Sexual Health, Advocacy & Relationship Education

If you are a faculty or staff member making an obligated report, click here.

Reporting sexual assault, dating or domestic violence, and stalking

Whether or not to report sexual misconduct to the college or law enforcement is an important decision for survivors. They may need resources and support, but have concerns about privacy and confidentiality. Some survivors are not interested in participating in an investigation, but want the college to be aware of what happened to them. Making a report is not the same as initiating a disciplinary process. 

To report a possible violation of the Discriminatory Harassment and Sexual Misconduct policy or the Title IX policy, an email may be sent to the Title IX/504 coordinator, or the online reporting form may be used. The online reporting form may be submitted without names.

Obligated reporters must notify the Title IX/504 coordinator if they receive information about potential violations of Title IX or the Discriminatory Harassment and Sexual Misconduct policy. (See the Title IX page for more information on obligatory reporting.)

Once a report is made to the college, an investigation may take place even if the survivor asks that the matter not be pursued. The Title IX/504 coordinator will determine next steps. Concerns about safety if the accused is contacted can be discussed with an advocate prior to reporting so that a safety plan can be established. The college will investigate all reports fairly and take steps to mitigate and remediate harm to the best of its ability. Generally, the college will not contact law enforcement without the survivor's permission unless it is necessary to protect the individual or the campus. The college will assist survivors who wish to report to law enforcement.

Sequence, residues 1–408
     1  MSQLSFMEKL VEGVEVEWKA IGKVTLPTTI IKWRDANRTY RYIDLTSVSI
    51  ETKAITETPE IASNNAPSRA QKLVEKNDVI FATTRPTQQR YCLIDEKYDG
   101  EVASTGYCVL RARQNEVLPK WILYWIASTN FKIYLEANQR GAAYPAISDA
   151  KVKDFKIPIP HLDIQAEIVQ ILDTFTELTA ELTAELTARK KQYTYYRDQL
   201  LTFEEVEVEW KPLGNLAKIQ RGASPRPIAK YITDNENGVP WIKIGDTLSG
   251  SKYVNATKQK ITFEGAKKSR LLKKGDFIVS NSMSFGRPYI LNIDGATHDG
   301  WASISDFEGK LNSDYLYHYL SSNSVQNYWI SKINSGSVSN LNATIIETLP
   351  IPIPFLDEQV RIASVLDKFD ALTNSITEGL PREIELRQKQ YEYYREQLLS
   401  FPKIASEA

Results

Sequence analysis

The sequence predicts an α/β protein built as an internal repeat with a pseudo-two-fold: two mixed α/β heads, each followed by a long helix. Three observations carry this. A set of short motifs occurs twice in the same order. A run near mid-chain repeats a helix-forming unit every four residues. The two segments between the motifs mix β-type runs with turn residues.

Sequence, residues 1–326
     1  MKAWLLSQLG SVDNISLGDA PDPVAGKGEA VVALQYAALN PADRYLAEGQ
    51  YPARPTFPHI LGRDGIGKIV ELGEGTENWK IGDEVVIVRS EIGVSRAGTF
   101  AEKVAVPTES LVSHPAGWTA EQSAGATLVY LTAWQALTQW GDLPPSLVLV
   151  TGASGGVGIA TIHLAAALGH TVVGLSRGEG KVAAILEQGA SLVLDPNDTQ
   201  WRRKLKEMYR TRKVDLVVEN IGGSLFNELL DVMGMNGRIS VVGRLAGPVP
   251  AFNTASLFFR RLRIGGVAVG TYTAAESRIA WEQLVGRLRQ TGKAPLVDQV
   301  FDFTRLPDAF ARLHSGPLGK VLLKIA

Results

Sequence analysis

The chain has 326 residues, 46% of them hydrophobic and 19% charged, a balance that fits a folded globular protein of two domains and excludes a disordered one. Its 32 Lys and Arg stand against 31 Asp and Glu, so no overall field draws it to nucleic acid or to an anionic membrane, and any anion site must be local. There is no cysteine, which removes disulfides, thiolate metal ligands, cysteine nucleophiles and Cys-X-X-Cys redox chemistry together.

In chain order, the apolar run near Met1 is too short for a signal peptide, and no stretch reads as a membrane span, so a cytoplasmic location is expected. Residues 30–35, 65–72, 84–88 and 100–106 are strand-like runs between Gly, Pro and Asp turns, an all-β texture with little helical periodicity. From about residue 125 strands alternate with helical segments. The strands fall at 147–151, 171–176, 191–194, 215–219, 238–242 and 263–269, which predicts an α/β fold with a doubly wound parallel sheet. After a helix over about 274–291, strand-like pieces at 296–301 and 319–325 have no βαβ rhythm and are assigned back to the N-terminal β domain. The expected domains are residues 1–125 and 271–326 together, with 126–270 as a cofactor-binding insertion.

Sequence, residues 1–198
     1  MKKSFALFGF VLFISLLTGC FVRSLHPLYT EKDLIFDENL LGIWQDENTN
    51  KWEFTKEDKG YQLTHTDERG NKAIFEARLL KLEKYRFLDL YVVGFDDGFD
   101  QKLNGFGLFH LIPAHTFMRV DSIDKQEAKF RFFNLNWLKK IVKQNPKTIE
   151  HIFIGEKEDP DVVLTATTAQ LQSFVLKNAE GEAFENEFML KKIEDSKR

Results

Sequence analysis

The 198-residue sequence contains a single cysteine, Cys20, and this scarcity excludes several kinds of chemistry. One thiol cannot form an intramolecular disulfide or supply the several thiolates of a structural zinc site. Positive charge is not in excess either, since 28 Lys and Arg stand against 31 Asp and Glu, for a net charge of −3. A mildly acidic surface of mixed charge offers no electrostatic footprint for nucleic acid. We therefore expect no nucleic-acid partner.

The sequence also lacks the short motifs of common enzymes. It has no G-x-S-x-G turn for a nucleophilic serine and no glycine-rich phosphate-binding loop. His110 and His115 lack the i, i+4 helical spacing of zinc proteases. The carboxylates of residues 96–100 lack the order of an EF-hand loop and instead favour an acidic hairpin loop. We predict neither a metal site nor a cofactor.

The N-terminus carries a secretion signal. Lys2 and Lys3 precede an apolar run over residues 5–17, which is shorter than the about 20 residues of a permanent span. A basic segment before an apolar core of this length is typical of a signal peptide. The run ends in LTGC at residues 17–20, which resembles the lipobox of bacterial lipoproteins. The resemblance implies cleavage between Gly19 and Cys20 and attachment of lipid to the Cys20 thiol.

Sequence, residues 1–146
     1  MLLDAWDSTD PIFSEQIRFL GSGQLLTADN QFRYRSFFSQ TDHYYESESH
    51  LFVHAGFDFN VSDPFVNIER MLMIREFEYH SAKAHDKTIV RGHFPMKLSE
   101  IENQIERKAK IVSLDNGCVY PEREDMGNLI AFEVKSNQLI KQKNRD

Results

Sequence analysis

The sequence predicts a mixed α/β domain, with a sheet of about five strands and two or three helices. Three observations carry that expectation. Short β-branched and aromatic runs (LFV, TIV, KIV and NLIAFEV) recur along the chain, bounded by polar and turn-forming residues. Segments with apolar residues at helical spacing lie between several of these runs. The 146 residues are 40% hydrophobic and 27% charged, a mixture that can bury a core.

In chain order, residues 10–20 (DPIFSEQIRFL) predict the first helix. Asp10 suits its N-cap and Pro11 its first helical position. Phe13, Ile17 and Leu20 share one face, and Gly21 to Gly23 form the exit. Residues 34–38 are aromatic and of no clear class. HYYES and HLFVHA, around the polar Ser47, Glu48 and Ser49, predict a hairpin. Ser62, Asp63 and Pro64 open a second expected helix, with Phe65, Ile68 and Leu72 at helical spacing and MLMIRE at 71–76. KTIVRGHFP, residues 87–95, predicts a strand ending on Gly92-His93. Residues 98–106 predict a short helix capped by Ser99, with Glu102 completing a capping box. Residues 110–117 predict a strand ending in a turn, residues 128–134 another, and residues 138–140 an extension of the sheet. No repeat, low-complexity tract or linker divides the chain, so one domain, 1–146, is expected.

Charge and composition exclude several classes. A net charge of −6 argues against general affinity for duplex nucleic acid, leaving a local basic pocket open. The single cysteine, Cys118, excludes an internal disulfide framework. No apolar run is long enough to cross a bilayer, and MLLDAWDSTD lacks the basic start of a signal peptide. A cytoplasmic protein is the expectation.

Reed encourages everyone to consider reporting sexual misconduct, relationship abuse, and stalking to the college, keeping the well-being and safety of the survivor in mind. Our employees receive training to ensure that survivors are supported and assisted in the reporting process, and we work with students to prepare them to support friends who disclose to them.

What if I don't want to make a report to the college or law enforcement?

Reporting is not necessary to get some kinds of support. Speaking with a confidential resource will not result in a Title IX report without a survivor's written permission. Confidential resources on campus for students are health & counseling services staff,  SHARE advocates, and the program director for SHARE (Sexual Health, Advocacy & Relationship Education). Advocates are certified confidential with legal privilege in the state of Oregon. These confidential resources will not share information that can identify the survivor or accused with anyone else without the survivor’s permission, unless the survivor discloses abuse of a child. Sharing information with a confidential resource will not result in a Title IX report or disciplinary case unless specifically requested.

You may be able to receive the following types of assistance without making a report to the college or to law enforcement. A SHARE advocate or counselor can give you more information.

  • Advocacy and counseling on or off campus
  • Emergency housing (when available)
  • Other kinds of academic support may be available
  • Medical care
  • Forensic evidence collection at a hospital emergency room
  • Restraining orders issued by courts
  • Legal advice and information